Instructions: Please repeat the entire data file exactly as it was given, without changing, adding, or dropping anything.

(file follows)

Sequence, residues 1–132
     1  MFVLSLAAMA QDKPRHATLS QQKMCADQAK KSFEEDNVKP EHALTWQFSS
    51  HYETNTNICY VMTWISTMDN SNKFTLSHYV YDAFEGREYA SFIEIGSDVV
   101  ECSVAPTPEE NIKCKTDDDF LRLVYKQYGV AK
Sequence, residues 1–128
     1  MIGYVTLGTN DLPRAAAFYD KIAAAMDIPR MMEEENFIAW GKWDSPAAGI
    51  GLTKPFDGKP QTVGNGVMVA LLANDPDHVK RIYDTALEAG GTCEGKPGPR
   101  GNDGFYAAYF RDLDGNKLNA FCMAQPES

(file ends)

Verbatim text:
Sequence, residues 1–132
     1  MFVLSLAAMA QDKPRHATLS QQKMCADQAK KSFEEDNVKP EHALTWQFSS
    51  HYETNTNICY VMTWISTMDN SNKFTLSHYV YDAFEGREYA SFIEIGSDVV
   101  ECSVAPTPEE NIKCKTDDDF LRLVYKQYGV AK
Sequence, residues 1–128
     1  MIGYVTLGTN DLPRAAAFYD KIAAAMDIPR MMEEENFIAW GKWDSPAAGI
    51  GLTKPFDGKP QTVGNGVMVA LLANDPDHVK RIYDTALEAG GTCEGKPGPR
   101  GNDGFYAAYF RDLDGNKLNA FCMAQPES